Main image of article Will Wimpy Cores Power Your Future Cloud?
Apple and Google dominate the mobile-app market with their respective iOS and Android ecosystems, at least when it comes to consumer wallets. Waiting in the wings are Amazon, which offers apps via its online storefront, and Microsoft’s Windows RT ecosystem. It’s a very real possibility that only three of these app ecosystems will survive in the long term, meaning we have some very exciting years in front of us. (While Research In Motion and WebOS have their fans, it’s unlikely those systems will challenge the big players in the space, at least in the next while.) The popularity of these apps represents a gift and a curse to ecosystem owners. On one hand, they face the infrastructure pressures that come with serving millions of users simultaneously. However, they also have the cash to tackle those pressures in interesting ways: namely, designing vertically integrated server hardware solutions in-house. There are sizable benefits in doing so. X86 enterprise servers and infrastructure aren’t cheap by today’s standards, not when measured by both acquisition costs and emerging hyperscale operational metrics. X86 servers now account for about 98 percent of all branded server chassis shipped, worldwide. RISC servers entered the datacenter market in the 1980s alongside of PCs and IT repurposing PCs for server use, but now only account for most of the remaining ~2 percent of shipments. Competition killed off RISC, as AMD pushed Intel into a race for competitive product development. Today, Intel has essentially killed off AMD, at least in the server market. Xeon processors have outrun the thread-level performance requirements of most mainstream IT workloads; consolidating and virtualizing a lot of threads onto one server is an admission that the server has much more capacity than a single workload instance demands. Mobile-app ecosystem owners control their own services’ source code. Combine that with the emergence of enterprise-class open-source infrastructure software that supports the ARM instruction set, and you have a situation where those owners can start handling more of their infrastructure in-house.

One Vendor to Rule Them All?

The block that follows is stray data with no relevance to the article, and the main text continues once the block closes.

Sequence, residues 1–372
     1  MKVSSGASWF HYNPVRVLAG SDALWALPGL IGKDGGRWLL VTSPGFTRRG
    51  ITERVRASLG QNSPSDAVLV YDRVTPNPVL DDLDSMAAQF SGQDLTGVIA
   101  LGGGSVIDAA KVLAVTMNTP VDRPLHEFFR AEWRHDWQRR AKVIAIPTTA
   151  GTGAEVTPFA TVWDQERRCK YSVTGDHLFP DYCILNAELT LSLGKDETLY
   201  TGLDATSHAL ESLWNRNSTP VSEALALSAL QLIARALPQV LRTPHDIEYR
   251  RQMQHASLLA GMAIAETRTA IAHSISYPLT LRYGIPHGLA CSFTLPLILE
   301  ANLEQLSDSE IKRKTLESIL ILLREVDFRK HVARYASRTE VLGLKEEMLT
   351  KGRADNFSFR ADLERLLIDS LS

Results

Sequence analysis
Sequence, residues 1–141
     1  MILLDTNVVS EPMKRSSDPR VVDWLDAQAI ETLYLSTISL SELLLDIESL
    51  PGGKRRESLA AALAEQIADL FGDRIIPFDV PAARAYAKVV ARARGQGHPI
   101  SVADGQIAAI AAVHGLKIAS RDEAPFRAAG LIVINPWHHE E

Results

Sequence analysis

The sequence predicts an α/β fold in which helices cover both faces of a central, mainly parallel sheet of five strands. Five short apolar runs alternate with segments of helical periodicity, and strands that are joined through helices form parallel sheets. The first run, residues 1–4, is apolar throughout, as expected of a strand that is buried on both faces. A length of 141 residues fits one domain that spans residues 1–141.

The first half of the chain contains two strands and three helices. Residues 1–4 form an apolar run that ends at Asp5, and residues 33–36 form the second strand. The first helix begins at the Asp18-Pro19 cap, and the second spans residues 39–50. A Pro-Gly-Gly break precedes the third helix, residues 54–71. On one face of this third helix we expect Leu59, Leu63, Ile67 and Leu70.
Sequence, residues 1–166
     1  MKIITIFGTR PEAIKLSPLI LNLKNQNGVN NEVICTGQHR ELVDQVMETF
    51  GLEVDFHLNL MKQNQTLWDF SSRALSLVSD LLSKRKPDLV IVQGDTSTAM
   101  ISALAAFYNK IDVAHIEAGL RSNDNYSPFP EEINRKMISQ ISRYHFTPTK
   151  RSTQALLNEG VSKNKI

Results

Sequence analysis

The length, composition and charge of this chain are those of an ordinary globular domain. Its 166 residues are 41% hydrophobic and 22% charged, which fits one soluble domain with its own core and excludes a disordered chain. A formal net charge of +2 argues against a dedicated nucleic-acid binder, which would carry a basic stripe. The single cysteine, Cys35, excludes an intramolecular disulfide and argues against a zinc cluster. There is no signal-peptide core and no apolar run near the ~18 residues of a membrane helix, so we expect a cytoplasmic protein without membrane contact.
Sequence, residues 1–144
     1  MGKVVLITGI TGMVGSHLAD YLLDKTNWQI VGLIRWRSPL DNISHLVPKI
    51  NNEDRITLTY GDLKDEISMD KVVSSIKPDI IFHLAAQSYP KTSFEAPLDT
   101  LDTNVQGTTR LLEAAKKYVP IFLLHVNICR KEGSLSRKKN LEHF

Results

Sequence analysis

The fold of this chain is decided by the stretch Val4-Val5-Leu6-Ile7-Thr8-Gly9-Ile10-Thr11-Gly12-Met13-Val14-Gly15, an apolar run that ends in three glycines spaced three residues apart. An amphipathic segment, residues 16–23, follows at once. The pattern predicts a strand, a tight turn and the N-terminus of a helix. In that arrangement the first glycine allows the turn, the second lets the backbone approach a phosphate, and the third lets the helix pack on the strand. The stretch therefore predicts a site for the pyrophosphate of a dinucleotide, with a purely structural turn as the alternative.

New architectures are created via experiments. Companies that do not have dominant market share, seeking an advantage over an incumbent vendor, often end up performing stranger and more interesting experiments than their stronger rivals. When many companies are experimenting at once, then competitive innovation will create evolutionary, and in many cases revolutionary progress. Today, a huge amount of investment is now aimed at crafting viable non-x86 server SoCs and datacenter architectures:   Apple invented the end-to-end app ecosystem when it invented the “App Store” concept. Apple is now designing its own client processor Systems-on-a-Chip (SoCs) to absorb margins that would have gone to a branded SoC design company such as Intel or Qualcomm. Meanwhile, Bloomberg has speculated that Apple could use ARM processors to replace Intel parts in its Mac product lines. At least in theory, it would be a short step for Apple to repurpose a “desktop” processor into a server SoC as it scales its hyperscale datacenter operations from a handful of locations to many more. To those who believe that all Apple wants is a lower price from Intel: a) there is no more credible threat than going into production with an alternative, and b) Apple has identified that lack of second source for critical components is a major risk it needs to address. It is a major theme in their SEC risk statements. Google is the only currently viable end-to-end ecosystem competitor to Apple’s vertically integrated marketing machine. They have the capability to design their own SoCs. Google has much more incentive to design server SoCs than Apple, given the size of their globe-spanning hyper-scale infrastructure. Google is very secretive about its internal operations. Its SEC filings identify only seven specific factors contributing to cost of revenue derived from their datacenter operations, one of which is energy costs. How many companies identify datacenter operations as a cost of revenue to begin with? While processor costs don’t appear to be a top concern for Google, increasing reliance on Intel as a single supplier increases risk, and that could take Google down the same path as Apple. Google could let rapid evolution among ARM server SoCs play out for a couple of years, after which it may invest in bringing a winning architecture in-house though M&A. Amazon’s value is content–they own the online market for the printed word and can rival Apple in negotiations with audio and video content owners. Amazon has the potential to dominate the tablet market by leveraging its e-books and video in the context of an online store. Amazon already owns its Lab126 platform design subsidiary (which produces Kindle devices), and it’s been rumored to be investigating the purchase of an ARM SoC design team (presumably to power e-readers and tablets). While the TI OMAP rumors didn’t ultimately happen, it could still acquire ARM-related assets through mergers and acquisitions, similar to Google. Amazon’s datacenter scale is closer to Google than to Apple, providing incentive for any new SoC design team to lower costs there as well. The company’s challenge is to break away from Google with their own mobile OS and app ecosystem–the company either owns or can easily acquire all of the other pieces. Amazon will need to balance their ongoing sales of x86 cloud instances with on-boarding new architectures to efficiently power their other services at scale. Microsoft has placed a substantial bet in mobility with Windows Phone and Windows 8 RT—both of which run on ARM SoCs. Microsoft designs and contract-manufactures game consoles and human interface peripherals, in addition to the branded “reference” Windows 8 RT tablet platform, so a selling a branded tablet platform isn’t much of a stretch. Microsoft already has an ARM Architecture License, presumably covering ARM’s v8 64-bit architecture; it could easily assemble an in-house server architecture and SoC design team. Microsoft’s Bing, Maps, and other services are rivals for many Google services, and Microsoft’s Azure operating infrastructure is proof that they can adapt and scale. The challenge for Microsoft is that it must become the third viable mobile ecosystem as a declining PC market diminishes the value of its PC OS and personal productivity franchises, and thatAzure seems to be lagging its cloud competition. Facebook identifies strong risk factors with respect to customer usage shifting from PCs to mobile form factors in their October 2012 US SEC 10-Q filing; but, unlike the other four companies, it hasn’t indicated any direction for manufacturing or selling branded mobile form factors. Facebook has an app ecosystem, but it doesn’t have an ecommerce backend to sell native apps for client devices. Facebook started the Open Compute platform and is maintaining very close ties to them. In light of all that, it’s a fair argument that Facebook wants to enable an ecosystem that will deliver the efficient hyperscale hardware infrastructure it needs to control their operational costs; at the same time—and this is where Open Compute comes in—it’s likely not interested in keeping such an infrastructure to themselves as a closed internal resource or secret competitive advantage, a la Google. It’s unlikely that Facebook will design its own SoCs for mobile clients or for servers. If these hyper-scale ecosystem owners can contract-manufacture server SoCs and motherboards, and self-assemble those components into hyperscale datacenters, they can absorb some of the margins currently earned by Intel and its OEM hardware partners. And there’s another interesting effect of vertical integration of their hyperscale datacenter hardware: it presents these ecosystems with an opportunity to implement end-to-end features—from consumer device to cloud service—such as secure transactions.   Image: Sashkin/